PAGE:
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|dc.identifier.citation||Biotechnology Advances, 1995; 13(3):491-551||-|
|dc.description.abstract||Common hosts for the large-scale manufacture of biological products, such as Escherichia coli and Saccharomyces cerevisiae, do not excrete products to the medium. Effective techniques for cell disruption are therefore required. These include physical, chemical, enzymatic and mechanical methods. Mechanical methods such as bead milling, high-pressure homogenization, and microfluidization are preferred. However, gentler, specific methods are receiving increasing attention particularly when used in combination to synergistically exploit their different specificities. Benefits can also be derived by integrating product release and recovery. In all cases it is essential to consider the interaction of the disruption operation with downstream units and to clearly demonstrate the cost benefits of alternative strategies.||-|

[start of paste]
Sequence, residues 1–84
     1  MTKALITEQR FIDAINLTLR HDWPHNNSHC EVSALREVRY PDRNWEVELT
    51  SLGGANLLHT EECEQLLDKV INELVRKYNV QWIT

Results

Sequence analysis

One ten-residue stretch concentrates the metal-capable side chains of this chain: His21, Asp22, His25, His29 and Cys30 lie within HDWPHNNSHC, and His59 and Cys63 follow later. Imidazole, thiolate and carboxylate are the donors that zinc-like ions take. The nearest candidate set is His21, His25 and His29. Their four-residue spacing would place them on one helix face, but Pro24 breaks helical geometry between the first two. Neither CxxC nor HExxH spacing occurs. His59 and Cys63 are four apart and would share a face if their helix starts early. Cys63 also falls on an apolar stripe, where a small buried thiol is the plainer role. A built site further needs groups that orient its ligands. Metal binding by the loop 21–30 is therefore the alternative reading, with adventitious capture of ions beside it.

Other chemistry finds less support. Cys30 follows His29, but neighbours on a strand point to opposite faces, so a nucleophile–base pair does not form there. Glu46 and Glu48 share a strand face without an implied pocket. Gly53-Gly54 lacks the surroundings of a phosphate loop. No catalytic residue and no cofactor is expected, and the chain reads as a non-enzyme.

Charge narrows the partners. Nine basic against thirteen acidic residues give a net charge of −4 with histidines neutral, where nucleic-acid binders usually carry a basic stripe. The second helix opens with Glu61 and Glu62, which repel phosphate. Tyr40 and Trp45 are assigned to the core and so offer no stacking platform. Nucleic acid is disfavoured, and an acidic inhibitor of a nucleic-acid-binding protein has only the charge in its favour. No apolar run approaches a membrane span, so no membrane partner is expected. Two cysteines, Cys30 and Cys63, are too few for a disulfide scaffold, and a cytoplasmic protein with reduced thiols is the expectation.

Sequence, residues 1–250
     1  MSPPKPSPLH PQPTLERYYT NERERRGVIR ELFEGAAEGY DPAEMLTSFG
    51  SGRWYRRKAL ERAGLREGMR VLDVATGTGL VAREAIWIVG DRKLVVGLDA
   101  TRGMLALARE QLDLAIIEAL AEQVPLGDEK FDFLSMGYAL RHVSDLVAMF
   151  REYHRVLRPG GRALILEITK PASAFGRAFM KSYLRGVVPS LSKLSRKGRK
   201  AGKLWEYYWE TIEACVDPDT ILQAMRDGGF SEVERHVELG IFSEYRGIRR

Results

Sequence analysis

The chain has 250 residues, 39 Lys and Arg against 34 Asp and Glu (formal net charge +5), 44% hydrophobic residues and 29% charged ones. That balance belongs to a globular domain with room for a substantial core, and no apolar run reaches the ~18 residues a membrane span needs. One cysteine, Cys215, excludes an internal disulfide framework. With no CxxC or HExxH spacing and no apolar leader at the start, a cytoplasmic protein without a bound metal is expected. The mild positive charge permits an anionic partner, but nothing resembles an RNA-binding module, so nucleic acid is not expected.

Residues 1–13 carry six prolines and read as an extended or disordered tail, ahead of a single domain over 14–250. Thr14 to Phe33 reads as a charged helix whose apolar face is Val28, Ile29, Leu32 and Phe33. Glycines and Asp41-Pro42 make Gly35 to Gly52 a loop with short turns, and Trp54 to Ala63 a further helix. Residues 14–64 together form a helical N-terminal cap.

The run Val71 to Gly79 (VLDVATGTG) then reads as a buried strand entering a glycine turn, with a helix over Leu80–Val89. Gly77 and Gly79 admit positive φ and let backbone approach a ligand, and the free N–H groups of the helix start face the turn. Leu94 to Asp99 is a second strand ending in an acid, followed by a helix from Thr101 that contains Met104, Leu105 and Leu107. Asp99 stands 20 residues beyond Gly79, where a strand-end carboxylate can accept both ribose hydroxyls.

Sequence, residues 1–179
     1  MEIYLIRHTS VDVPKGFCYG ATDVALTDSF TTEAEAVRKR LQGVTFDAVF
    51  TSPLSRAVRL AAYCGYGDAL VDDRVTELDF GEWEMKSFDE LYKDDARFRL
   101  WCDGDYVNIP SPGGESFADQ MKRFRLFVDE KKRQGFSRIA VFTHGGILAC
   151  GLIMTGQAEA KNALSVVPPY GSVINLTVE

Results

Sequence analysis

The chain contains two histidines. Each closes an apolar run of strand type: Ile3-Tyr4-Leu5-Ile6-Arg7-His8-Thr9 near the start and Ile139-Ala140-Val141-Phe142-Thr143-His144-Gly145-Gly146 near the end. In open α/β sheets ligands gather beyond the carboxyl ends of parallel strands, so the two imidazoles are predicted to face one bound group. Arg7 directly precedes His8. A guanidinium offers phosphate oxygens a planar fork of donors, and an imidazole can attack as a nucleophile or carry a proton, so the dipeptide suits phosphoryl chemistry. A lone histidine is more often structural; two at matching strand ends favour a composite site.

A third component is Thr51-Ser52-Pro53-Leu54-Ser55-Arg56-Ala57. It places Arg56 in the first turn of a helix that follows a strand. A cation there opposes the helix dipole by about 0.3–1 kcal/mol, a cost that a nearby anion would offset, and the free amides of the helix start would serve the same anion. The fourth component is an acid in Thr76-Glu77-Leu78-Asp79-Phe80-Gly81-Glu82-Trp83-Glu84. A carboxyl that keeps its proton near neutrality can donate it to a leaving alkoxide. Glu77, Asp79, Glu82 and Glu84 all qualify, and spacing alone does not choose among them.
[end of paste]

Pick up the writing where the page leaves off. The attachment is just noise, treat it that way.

|dc.publisher||PERGAMON-ELSEVIER SCIENCE LTD||-|
|dc.title||Process-scale disruption of microorganisms||-|
|Appears in Collections:||Aurora harvest 2|
Chemical Engineering publications
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